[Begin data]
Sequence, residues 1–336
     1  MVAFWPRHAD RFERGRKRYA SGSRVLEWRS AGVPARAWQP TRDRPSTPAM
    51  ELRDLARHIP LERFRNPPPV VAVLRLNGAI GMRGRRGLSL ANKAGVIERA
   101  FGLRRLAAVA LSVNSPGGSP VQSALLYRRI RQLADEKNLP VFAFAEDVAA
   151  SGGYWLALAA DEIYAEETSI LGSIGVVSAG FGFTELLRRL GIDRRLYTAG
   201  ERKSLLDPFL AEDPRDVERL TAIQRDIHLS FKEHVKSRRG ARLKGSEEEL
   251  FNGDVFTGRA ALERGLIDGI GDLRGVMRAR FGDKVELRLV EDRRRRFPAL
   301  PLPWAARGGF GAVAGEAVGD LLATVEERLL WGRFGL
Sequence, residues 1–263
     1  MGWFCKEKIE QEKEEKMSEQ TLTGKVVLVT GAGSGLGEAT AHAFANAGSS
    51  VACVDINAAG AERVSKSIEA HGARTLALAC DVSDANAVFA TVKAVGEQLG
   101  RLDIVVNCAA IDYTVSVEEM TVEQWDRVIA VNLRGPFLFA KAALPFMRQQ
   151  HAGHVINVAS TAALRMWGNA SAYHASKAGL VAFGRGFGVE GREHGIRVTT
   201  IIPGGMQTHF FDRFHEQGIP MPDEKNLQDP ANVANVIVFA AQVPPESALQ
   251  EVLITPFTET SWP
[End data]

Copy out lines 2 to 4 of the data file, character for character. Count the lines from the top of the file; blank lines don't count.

     1  MVAFWPRHAD RFERGRKRYA SGSRVLEWRS AGVPARAWQP TRDRPSTPAM
    51  ELRDLARHIP LERFRNPPPV VAVLRLNGAI GMRGRRGLSL ANKAGVIERA
   101  FGLRRLAAVA LSVNSPGGSP VQSALLYRRI RQLADEKNLP VFAFAEDVAA